The problem: Jenny Barr, 47, an elementary-school guidance counselor in Allentown, Pennsylvania (shown), has beautiful golden skin, but thanks to sun exposure and a birthmark on her cheek, it looked blotchy. BJ Gillian, a makeup artist based in New York City, wanted to even out Jenny's complexion while letting her skin show through.
First Gillian used an opaque, yellow-based concealer on two areas that needed camouflaging―the dark inner corners of Jenny's eyes and her birthmark. "Go for a long-wearing formulation that contains no wax or oil," he suggests. "It won't settle into fine lines and will stay put all day." Gillian used his fingertip to gently press on the concealer.
To add color, Gillian brushed bronzer over Jenny's cheekbones and across her forehead.
Products to try:
Revlon Colorstay Undereye Concealer, $9 at drugstores.
Clinique True Bronze Pressed Powder Bronzer in Sunkissed, $24.50, clinique.com.
2 of 4Bill Phelps
Upgrade: Play Up Lips
The problem: Jenn Parker, 27, a business analyst in Boston (shown), never wears makeup, just lip balm. "Jenn's lips are naturally pale, so a stronger lip color will add sophistication to her whole face, and it's almost as effortless as lip balm," says Gillian.
First Gillian lined and then filled in Jenn's lips with a creamy nude pencil. Tracing just outside the natural border of her lips created a slightly fuller shape, and the pencil "also gave the lipstick something to hold on to, so it wouldn't require touch-ups," says Gillian.
Then he applied a sheer golden plum lipstick with a slight shimmer. The nude pencil underneath softened the plum so Jenn would feel comfortable, not overdone, wearing it.Tip: To find a foolproof, natural lip color, pull down your lower lip and examine the tissue's tone (it could be pink, plum, or cocoa). Choose a lipstick that matches that tone.
Product to try: Cargo Plantlove Botanical Lipstick in Cece, $20, buy.com.
3 of 4Bill Phelps
Upgrade: Brighten Hair Color
The problem: Melanie Kuchinski Rodriguez, 30, an administrative assistant in West Orange, New Jersey (shown), had hair color so drab that the rest of her face looked washed-out. Melanie had never colored her hair before, so Joel Warren, a colorist and a co-owner of the Warren-Tricomi salon in New York City, wanted to change her color enough to give it a boost, but still make it look natural.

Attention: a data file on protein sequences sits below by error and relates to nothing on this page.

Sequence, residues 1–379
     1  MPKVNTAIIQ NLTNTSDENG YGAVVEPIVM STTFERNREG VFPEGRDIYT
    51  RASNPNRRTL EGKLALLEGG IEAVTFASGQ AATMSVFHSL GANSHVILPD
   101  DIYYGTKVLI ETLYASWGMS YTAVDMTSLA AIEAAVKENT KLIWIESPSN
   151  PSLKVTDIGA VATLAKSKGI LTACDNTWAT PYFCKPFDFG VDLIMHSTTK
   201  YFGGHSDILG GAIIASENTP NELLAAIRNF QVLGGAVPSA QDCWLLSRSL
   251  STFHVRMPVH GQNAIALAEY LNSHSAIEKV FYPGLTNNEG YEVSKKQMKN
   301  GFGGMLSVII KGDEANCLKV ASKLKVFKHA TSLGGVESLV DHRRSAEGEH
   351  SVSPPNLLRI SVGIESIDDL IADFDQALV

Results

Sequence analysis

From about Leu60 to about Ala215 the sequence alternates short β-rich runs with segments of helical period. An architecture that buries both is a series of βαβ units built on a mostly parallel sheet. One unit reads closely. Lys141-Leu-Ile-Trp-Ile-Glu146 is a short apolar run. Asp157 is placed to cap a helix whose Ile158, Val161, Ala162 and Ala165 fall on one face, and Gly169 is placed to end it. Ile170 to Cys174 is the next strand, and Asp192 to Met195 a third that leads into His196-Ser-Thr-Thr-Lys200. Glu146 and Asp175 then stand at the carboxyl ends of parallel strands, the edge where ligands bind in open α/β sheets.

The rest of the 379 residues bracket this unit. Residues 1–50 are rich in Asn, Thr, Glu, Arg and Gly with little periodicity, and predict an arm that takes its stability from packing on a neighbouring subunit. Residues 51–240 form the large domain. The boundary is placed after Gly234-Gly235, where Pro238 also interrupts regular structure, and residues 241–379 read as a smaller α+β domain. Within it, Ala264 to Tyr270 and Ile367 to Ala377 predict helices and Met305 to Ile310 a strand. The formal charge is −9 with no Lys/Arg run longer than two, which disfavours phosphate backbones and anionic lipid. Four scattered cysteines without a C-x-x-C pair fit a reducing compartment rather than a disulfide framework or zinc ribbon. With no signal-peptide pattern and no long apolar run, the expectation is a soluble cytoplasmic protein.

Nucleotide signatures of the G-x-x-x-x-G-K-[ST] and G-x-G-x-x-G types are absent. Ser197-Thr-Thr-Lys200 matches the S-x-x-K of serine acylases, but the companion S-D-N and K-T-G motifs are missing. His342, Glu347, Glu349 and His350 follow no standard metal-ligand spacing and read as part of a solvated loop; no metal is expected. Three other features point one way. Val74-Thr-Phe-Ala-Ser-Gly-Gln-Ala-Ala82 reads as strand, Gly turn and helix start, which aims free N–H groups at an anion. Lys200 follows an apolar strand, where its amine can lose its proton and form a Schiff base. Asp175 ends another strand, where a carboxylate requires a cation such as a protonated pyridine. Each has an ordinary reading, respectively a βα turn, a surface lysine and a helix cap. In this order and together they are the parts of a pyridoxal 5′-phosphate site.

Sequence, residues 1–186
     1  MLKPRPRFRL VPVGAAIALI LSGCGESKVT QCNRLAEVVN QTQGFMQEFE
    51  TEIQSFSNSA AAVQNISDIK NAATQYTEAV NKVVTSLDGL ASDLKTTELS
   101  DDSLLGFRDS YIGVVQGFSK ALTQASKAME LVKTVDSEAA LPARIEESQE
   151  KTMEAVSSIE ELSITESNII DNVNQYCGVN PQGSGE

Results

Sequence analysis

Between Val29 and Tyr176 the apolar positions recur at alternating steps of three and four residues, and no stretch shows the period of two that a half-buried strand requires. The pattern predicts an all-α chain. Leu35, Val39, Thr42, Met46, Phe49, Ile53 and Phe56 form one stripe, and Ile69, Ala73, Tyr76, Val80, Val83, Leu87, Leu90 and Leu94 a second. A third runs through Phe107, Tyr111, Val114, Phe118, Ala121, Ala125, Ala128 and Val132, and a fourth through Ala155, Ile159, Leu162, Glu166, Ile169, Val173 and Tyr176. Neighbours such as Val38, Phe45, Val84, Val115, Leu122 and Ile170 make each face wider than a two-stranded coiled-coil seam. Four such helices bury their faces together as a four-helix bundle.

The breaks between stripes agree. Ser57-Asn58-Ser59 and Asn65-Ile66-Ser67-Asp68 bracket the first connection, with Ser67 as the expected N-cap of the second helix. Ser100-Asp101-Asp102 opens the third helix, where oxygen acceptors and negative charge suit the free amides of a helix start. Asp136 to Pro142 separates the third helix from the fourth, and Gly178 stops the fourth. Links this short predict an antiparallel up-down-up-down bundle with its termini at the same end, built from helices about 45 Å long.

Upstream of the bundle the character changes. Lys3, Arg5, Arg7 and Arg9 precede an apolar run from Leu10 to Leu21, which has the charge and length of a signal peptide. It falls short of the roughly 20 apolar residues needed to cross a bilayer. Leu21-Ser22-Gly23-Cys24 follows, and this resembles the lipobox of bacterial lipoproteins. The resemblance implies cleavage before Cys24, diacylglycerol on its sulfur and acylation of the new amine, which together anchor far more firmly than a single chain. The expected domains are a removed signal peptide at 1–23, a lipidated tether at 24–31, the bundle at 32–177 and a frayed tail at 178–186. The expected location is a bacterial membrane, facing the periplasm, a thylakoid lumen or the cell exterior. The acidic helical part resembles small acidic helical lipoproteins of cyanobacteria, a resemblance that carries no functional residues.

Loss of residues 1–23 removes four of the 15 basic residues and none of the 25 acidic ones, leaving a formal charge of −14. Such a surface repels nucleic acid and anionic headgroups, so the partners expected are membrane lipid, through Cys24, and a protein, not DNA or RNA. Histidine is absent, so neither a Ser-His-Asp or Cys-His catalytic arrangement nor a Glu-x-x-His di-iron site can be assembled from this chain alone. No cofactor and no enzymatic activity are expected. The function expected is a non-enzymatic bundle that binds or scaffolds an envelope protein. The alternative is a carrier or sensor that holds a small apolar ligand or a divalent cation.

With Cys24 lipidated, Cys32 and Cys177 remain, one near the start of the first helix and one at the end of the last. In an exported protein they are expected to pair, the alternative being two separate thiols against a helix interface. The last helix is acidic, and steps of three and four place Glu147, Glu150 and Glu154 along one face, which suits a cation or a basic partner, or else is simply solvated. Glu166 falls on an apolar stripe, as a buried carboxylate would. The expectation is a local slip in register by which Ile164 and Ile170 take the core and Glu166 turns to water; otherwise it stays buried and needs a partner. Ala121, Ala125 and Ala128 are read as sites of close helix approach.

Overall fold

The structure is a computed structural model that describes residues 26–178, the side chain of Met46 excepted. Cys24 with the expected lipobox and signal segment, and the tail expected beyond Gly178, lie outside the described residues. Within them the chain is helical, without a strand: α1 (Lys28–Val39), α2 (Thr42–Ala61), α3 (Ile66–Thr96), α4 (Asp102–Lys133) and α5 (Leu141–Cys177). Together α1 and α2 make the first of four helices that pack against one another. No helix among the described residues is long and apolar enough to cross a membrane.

First Warren wove in some wheat-colored highlights.
Then he painted in muted golden lowlights (panels of color a little darker than the natural shade). "The highlights and lowlights together add dimension and contrast to her hair," he says.
To protect Melanie's hair color and make it last (blow-dryer heat and styling irons can turn highlights and lowlights brassy), Warren applied a strengthening cream to her damp hair before styling. "It closes the cuticles, so the color stays true," he says.
4 of 4Bill Phelps
Update: Define Eyes
The problem: Joy Gray Prince, 36, a new mom in Atlanta (shown), has little time to spend putting on makeup every morning, since she’s caring for her five-month-old daughter. The easiest solution? “She can look polished without a lot of effort by enhancing the shape of her eyes with liner,” says Gillian.
Working with a tiny eyeliner brush, Gillian lined the inner rims of Joy’s upper lids with a black gel liner.
Next, to create more definition, he dotted the same liner in between each lash along the upper lash lines. (This technique creates a more natural result than a thick, dramatic stripe of liner.)
Gillian used two shadows―a bronze and a plum―to play up the warm undertones in Joy’s skin. First he used a shadow brush to apply the plum shade to the lids. Then he smudged the warmer bronze into the creases with a fingertip
He topped off her look by applying two coats of black mascara to only the top lashes. “Coating the bottom lashes would close up her eyes,” he says. “This makes her eye area look lifted.”